WASHINGTON — Federal coronavirus unemployment insurance is scheduled to expire at the end of this month as the coronavirus pandemic makes a resurgence in parts of the U.S. and some 25 million out-of-work Americans are collecting benefits.
The Democratic-led House has passed legislation to extend the $600-per-week boost through January, but the Senate Republican majority is vowing not to continue that provision.
The top Senate Republican said Tuesday the unemployment benefit passed in the March CARES Act won’t be in the next phase of coronavirus relief, which he expects to pass by the end of July. He argued it has encouraged many Americans to remain jobless.
“Unemployment is extremely important. And we need to make sure, for those who are not able to recover their jobs, unemployment is adequate,” Senate Majority Leader Mitch McConnell, R-Ky., told reporters. “That is a different issue from whether we ought to pay people a bonus not to go back to work. And so I think that was a mistake.”
“And we’re hearing it all over the country, that it’s made it harder actually to get people back to work,” he added. “But to have the basic protections of unemployment insurance is extremely important and should be continued.”
McConnell didn’t elaborate on what Republicans have in mind.
In interviews by NBC News with nearly a dozen GOP senators on Tuesday, one consistent theme emerged: They are certain they don’t want to extend the $600 per week in emergency jobless compensation because they widely agree that it is motivating people to stay out of work. But they have little clarity on what ought to replace it.
Sen. Pat Roberts, R-Kansas, a senior member of the Finance Committee, said many in the caucus see the jobless benefits as “a disincentive to work — to come back to work.”
“It certainly does not have the backing that it had before because of many small businesses that have come forward and said that people just don’t want to come back — that they were making more than they did when they worked,” he said.
He said that with the U.S. “in reverse gear again in regards to the virus,” and the economic re-opening either paused or rolled back in many states, the politics could shift in the next month.
A June 4 report by the nonpartisan Congressional Budget Office found that if the jobless provisions in the CARES Act are extended through January, “Roughly five of every six recipients would receive benefits that exceeded the weekly amounts they could expect to earn from work during those six months.”
The report also found that extending the benefits would boost the national economic output in the second half of 2020 and lead to more spending on food, housing and other items than would occur if the benefits expired.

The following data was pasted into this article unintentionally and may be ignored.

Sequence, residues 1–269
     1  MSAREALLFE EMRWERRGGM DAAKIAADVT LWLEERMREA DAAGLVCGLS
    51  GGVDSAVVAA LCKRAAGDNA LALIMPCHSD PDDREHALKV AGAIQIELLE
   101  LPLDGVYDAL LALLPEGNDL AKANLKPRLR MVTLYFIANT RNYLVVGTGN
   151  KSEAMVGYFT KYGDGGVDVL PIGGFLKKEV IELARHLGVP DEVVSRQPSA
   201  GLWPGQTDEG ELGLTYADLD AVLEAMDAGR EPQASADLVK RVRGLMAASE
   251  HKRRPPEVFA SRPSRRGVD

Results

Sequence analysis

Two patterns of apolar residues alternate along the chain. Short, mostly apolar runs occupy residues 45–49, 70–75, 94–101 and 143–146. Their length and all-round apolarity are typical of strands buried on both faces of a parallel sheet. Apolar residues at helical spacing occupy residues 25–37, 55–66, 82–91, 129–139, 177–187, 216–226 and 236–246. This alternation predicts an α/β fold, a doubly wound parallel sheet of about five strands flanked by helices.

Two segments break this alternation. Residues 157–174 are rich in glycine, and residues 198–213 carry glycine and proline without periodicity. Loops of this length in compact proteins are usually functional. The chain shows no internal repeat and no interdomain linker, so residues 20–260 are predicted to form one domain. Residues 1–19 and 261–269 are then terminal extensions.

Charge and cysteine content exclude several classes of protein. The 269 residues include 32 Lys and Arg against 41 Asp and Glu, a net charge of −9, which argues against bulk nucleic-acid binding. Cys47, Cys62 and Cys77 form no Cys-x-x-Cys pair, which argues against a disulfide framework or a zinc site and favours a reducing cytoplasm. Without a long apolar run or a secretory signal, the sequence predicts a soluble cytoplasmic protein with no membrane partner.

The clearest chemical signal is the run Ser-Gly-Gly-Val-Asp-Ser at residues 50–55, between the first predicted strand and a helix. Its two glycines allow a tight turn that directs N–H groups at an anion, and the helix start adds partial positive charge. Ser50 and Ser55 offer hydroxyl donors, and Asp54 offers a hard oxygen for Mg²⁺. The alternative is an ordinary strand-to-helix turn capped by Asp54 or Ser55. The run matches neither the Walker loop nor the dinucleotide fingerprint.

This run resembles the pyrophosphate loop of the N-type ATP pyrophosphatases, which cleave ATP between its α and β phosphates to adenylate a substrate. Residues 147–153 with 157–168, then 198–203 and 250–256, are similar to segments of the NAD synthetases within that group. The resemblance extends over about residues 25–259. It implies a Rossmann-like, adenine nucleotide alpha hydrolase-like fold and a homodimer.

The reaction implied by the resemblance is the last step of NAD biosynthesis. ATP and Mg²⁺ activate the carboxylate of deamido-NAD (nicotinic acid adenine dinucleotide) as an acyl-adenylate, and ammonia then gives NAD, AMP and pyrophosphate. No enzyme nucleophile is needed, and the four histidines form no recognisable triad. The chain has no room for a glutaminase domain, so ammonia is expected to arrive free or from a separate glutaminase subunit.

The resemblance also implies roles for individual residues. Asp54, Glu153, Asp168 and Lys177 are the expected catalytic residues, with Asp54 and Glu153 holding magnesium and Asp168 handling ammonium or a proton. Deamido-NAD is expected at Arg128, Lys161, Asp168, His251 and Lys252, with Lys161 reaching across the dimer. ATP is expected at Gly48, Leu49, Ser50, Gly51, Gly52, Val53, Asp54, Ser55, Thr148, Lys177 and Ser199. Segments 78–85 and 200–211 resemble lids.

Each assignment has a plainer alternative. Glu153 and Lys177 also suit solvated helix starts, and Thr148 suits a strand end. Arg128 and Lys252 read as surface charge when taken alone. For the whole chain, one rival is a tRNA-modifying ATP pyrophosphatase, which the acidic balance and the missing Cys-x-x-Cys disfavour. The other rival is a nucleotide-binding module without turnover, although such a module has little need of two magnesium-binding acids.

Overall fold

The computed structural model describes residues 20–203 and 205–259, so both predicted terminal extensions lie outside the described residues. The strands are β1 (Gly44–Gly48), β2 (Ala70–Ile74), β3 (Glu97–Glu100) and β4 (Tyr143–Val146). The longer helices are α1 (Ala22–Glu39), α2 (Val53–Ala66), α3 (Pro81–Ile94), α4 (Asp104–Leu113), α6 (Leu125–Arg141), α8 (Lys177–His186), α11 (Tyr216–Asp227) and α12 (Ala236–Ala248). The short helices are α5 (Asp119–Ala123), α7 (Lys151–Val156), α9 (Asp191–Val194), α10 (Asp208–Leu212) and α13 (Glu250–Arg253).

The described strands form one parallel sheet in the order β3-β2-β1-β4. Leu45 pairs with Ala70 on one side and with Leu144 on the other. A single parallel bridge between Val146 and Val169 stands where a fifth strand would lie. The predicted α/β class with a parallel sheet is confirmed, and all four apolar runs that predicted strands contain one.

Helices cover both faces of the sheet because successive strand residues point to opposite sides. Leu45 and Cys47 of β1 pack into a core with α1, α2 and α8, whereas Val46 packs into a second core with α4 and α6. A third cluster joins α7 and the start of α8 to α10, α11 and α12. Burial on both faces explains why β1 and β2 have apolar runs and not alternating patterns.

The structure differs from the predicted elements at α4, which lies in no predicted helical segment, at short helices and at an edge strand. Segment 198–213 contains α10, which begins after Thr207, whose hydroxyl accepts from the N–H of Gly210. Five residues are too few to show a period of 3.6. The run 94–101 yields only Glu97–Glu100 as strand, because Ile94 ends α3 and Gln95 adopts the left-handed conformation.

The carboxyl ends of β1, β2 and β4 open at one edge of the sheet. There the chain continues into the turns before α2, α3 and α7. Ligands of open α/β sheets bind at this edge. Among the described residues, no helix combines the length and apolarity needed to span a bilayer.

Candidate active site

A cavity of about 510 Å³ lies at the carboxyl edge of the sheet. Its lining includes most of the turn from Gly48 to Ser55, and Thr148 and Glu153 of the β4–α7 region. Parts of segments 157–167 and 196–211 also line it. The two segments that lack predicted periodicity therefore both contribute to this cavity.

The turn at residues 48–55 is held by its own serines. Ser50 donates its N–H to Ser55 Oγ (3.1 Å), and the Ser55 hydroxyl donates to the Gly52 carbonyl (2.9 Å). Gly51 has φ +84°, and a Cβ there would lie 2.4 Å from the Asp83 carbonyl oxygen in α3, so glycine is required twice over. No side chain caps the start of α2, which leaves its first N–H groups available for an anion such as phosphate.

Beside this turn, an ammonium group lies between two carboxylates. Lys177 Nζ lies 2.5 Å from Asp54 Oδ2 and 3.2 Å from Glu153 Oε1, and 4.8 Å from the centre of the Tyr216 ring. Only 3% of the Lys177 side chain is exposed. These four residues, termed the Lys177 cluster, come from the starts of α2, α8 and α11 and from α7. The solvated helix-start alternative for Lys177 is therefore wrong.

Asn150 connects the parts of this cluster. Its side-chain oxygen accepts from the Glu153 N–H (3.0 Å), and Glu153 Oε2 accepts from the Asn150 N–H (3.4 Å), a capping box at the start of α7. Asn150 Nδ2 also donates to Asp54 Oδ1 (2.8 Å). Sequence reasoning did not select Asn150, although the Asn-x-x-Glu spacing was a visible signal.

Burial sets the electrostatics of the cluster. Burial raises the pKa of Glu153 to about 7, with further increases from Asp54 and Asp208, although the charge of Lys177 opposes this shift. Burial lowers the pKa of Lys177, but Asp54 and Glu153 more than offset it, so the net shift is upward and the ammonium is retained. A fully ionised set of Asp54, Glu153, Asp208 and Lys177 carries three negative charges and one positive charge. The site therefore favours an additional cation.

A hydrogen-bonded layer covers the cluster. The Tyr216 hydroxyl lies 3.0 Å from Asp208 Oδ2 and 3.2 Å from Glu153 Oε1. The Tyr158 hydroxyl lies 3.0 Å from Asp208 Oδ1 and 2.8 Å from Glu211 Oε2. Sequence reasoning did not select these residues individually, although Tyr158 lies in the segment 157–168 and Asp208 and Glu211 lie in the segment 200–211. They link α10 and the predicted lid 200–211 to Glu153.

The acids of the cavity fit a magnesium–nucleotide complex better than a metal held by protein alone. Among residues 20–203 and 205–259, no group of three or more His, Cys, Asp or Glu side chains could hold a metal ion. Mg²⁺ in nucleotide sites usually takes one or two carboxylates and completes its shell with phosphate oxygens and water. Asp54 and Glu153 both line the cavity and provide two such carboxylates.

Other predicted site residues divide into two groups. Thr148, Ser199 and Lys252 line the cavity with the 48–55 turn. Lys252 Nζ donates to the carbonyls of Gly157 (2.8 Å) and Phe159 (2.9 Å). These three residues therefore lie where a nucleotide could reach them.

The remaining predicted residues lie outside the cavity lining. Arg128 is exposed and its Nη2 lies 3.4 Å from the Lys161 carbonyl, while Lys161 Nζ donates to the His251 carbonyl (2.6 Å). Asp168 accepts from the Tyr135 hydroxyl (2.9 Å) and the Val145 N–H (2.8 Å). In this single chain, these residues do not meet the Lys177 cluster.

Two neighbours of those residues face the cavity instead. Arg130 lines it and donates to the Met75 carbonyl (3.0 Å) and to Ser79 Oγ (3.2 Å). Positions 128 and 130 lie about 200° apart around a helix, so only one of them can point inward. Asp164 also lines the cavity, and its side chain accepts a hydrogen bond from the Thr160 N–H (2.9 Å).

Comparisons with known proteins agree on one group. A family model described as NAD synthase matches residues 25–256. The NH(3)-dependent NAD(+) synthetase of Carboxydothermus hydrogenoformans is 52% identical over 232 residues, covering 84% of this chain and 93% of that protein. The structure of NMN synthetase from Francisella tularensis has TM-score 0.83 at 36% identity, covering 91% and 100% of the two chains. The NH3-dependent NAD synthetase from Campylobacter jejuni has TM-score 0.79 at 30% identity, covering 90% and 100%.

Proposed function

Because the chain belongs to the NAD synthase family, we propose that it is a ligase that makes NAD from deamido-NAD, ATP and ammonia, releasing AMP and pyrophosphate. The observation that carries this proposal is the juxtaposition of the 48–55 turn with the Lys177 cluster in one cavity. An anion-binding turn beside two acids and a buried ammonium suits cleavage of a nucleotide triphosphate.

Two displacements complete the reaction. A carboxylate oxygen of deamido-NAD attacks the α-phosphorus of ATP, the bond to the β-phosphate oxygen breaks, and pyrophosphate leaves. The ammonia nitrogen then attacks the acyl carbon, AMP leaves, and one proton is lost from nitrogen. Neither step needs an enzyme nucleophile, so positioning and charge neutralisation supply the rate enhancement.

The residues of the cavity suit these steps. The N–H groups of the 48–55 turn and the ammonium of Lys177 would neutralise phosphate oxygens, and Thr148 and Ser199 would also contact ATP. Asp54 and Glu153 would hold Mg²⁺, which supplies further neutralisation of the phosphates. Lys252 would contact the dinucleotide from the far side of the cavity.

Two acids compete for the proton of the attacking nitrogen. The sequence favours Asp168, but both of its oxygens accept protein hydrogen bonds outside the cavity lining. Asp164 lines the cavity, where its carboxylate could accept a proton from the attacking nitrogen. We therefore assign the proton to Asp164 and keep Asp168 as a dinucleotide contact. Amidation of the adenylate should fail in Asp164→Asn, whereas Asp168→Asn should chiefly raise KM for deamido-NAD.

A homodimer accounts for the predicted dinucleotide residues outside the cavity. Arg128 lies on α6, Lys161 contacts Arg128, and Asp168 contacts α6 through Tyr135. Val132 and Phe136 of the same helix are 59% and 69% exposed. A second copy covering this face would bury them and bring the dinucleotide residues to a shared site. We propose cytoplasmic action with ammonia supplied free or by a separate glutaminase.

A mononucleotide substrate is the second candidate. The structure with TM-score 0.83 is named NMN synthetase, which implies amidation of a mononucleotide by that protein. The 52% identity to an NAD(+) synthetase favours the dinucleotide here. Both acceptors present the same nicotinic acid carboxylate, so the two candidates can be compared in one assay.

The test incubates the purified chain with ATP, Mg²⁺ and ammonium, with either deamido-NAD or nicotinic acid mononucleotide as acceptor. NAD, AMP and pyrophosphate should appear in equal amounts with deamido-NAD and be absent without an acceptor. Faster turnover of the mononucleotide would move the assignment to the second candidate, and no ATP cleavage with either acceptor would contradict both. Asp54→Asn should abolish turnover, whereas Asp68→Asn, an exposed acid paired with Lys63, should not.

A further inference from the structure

Sen. Rick Scott, R-Fla., said his bottom line is: “Don’t pay people more than they’re” paid for working, “because we’re never going to get our small businesses open.”
Senate Democrats are pleading with their GOP colleagues to extend the unemployment benefit, arguing that it has been a crucial lifeline to millions of out-of-work Americans.
Senate Minority Leader Chuck Schumer, D-N.Y., and Finance Committee Ranking Member Ron Wyden, D-Ore., introduced a proposal Wednesday that would extend the $600 weekly benefit and set it to incrementally reduce in states until their unemployment rates drop below 6 percent.
“If we fail to renew the $600 per week increase in UI, millions of American families will have their legs cut out from underneath them at the worst possible time — in the middle of a pandemic when unemployment is higher than it’s been since the Great Depression,” Schumer said in a statement. He said Democrats’ plan would “tie the extension of enhanced UI benefits to economic data — not politics.”
Sen. Ron Johnson, R-Wis., said he has proposed a federal plus-up in jobless insurance to two-thirds of a worker’s average weekly wages, which he said “doesn’t provide a disincentive to return to work.”
Some Republicans have proposed to let the enhanced federal jobless benefit in the CARES Act expire fully after July 31 and assist states with their unemployment systems.
“The added $600 was good, but it actually enhanced the savings rate in America to what’s probably the best in the last 50 years or so,” said Sen. Mike Rounds, R-S.D.
Sen. Roy Blunt, R-Mo., the chair of the Senate Republican Policy Committee, said it’s “too early to tell what will happen, but there’ll certainly be unemployment benefits.”
Senate Appropriations Committee Chair Richard Shelby, R-Ala., said, “We should help people when they’re down and out. And we have. But we have to be careful. Somebody’s going to have to pay this debt some day.”